DSC_0489

Yoga for Weightlifters…Or Just Yoga for Yoga’s Sake

Posted on Posted in Olympic Weightlifting

So, I took my first yoga class this afternoon. While I’ve always known that yoga is both challenging and can be very beneficial to just about everyone, I had never taken a full on sixty minute practice with an actual instructor before. I had only just goofed around with some of the poses. After much peer pressure and a lot of gained curiosity I thought, “sure, why not?” My growing curiosity stemmed from my job as a personal trainer. Having had a few clients that consider themselves devout “yogis,” here are a few things I can say about all of them.

  1. They’re flexible. I mean very flexible. Almost like Gumby.   Especially in their hamstrings, glutes, hips, and shoulders. Coincidentally, flexibility in these areas is quite necessary for weightlifters to properly execute the competition movements.
  2. They have core strength. Lots of it.   A typical plank, side plank, and various push up variations are common practice in the yoga world. All of the people I have trained that are avid practitioners of yoga can execute these with relative ease (yes even push ups for the ladies). Fancy that, weightlifters absolutely need a strong core as well.
  3. They have impeccable posture. Like perfect. Better than most military generals. They possess the proper balance between the front and back sides of their torsos, and as a direct result of having a strong core and a flexible posterior chain, their hips lie perfectly in line. Posture in the Olympic lifts is also a necessity. An upright torso and the ability to keep the hips within their proper structure in a full squat can make or break any weightlifter in the long run.

So, aside from everything mentioned above how else can yoga positively effect weightlifters? Well (drum roll please), here they are:

  1. Active Recovery: Aside from the challenging aspect of yoga, there is also a therapeutic aspect to it as well. There are plenty of isometric and static stretches to be had, along with a plethora of the necessary blood flow needed to buffer lactic acid and facilitate muscle repair and function. A great deal of the poses also directly correlate to the positions we so often see in weightlifting. Thus, yoga can help facilitate the necessary mobility needed for our beloved sport.
  2. Chair Pose: This pose resembles proper positioning for anyone that is a power jerker or a squat jerker. Feet hip width apart, arms aligned over head with the ears, chest up, heels down…..sound familiar? Even if you aren’t a power jerker, power jerks are often times seen in training programs to facilitate the split jerk.
  3. High Lunge (Crescent) Pose: This pose gives way to a proper split jerk (sort of). Feet are split front to back with some distance width wise as well. Again, the hands are extended over head and in line with the ears. The only difference between this pose and a proper split position lies in the back leg. We typically bend the back leg in the split jerk, while High Lunge Pose aids in stretching the hip flexors via a straight back leg. Regardless, the front heel stays down, the back toe keeps contact with the floor, and the torso stays upright. Fancy that, another direct correlation to what we do, and aim to perfect.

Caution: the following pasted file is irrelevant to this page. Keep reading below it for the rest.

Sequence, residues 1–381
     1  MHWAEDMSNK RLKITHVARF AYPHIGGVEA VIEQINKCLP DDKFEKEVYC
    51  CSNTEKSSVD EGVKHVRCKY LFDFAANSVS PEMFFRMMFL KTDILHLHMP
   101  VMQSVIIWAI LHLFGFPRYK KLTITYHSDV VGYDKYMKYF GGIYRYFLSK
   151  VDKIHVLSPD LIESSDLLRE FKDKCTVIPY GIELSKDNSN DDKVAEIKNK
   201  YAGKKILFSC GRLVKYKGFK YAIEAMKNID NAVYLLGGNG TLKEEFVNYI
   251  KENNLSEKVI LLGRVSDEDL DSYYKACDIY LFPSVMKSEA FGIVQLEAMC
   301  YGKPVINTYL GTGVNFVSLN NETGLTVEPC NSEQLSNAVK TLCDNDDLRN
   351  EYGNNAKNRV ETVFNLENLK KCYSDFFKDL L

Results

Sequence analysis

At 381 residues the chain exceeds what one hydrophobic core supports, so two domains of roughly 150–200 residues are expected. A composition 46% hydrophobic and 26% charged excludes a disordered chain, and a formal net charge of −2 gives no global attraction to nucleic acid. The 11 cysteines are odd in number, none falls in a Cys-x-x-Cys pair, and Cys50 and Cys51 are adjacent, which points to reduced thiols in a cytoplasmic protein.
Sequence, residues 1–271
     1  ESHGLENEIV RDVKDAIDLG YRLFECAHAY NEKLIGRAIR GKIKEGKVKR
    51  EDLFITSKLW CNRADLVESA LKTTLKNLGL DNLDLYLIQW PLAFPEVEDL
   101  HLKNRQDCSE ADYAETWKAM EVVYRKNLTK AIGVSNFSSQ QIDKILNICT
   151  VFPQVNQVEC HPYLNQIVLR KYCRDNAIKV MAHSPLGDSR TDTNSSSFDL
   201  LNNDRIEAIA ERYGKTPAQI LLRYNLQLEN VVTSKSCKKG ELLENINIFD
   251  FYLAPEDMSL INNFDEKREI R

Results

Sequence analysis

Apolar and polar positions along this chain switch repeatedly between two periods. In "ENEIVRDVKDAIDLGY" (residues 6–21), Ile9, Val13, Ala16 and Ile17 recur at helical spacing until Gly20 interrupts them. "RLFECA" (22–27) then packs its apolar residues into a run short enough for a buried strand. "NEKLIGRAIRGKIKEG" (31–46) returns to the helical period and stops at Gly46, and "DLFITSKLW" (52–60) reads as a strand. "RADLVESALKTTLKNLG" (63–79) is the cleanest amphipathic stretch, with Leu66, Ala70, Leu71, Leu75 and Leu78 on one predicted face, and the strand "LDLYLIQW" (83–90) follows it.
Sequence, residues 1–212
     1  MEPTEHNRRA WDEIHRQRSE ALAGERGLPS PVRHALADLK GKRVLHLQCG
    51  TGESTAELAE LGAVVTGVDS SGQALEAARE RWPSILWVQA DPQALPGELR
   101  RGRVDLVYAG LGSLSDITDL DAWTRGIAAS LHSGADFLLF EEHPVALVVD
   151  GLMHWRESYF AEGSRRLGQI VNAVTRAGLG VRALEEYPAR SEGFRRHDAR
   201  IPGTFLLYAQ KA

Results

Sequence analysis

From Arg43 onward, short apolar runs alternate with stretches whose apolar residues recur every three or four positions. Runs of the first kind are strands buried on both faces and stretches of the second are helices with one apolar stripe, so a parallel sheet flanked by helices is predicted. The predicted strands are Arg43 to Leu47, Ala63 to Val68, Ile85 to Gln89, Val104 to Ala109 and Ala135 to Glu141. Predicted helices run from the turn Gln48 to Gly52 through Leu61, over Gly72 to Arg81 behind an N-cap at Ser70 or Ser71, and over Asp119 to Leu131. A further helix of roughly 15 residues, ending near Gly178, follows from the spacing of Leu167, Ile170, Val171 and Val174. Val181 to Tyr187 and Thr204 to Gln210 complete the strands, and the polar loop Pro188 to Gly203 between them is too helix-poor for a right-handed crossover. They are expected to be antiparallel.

4. Plank, Side Plank, and Crow Pose: No I’m not talking about sissy planks from your elbows. Think Push Up position, with the scapula fully retracted (shoulder blades together), shoulders over the wrists, and a perfectly flat low back. Now rotate that in the transverse plane to either side, with total body support coming from the core and a single arm. Looks easy, but definitely is not. The shoulders and the shoulder girdles can never be too stable, especially for what we do.
  5. Chaturanga and Down Dog: Simply put, Chaturanga makes push ups seem easy when done right, and Down Dog is a fantastic maneuver for shoulder mobility, while still extending the glutes and hips. They also light the triceps on fire in a static hold that will make you get to know yourself a little better.
  6. Total Body Control: Lastly, every single Yogi I have ever had the pleasure of working with has made my job incredibly easy because of the complete and utter control they have over every movement they do. Yoga forces you to feel every fine detail in what you’re doing.   Thus, kinesthetic awareness is at a level not seen by many, and a small adjustment can be felt that much easier within motor patterns by those who practice yoga on a consistent basis. What does this mean for weightlifters? What your coach says will resound much louder. Small details go a long way and can mean the difference between a one kilo personal record, and a missed lift. Similar to gymnastics, yoga requires a solid amount of bodily control. The kind that will carry over directly to the competition lifts and their variations.

Well there’s that. I am by no means trying to convert anyone that reads this into a full time yogi. But, I do firmly believe that regular practice of yoga can have a profound positive impact. Not just on weightlifters, but everyone that’s got big enough juevos to take the dive and give it a try. Its therapeutic, relaxing, and will develop some extra functional flexibility and strength. All of which are hard to argue with. Carry on folks. And happy training!

Dan Russell
CSCS, USAW

oly, olympic, lifting, olylifting, weightlifting, snatch, clean, jerk, squats, competition, crossfit, tampa, tampa bay, 813, crossfit 813, team 813 weightlifting, training, fitness, gym, workout, usaw, usa weightlifting, keeppulling, saint petersburg, clearwater, palm harbor, brandon, westchase, oldsmar, orlando, spring hill, tarpon springs, dunedin, largo, plant city, zephyrhills, wesley chapel, land of lakes